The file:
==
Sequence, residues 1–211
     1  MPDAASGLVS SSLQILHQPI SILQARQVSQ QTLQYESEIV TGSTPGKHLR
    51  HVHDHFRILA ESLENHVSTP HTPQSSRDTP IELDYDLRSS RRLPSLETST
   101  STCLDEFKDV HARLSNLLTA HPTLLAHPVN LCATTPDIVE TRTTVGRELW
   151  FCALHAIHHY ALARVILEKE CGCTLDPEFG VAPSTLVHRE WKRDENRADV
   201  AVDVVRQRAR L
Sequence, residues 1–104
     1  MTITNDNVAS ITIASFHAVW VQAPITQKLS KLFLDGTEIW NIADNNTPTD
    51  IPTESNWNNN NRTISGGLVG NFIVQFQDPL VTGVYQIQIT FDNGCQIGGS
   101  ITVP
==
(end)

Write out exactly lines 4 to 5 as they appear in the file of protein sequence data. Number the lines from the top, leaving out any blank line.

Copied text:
   101  STCLDEFKDV HARLSNLLTA HPTLLAHPVN LCATTPDIVE TRTTVGRELW
   151  FCALHAIHHY ALARVILEKE CGCTLDPEFG VAPSTLVHRE WKRDENRADV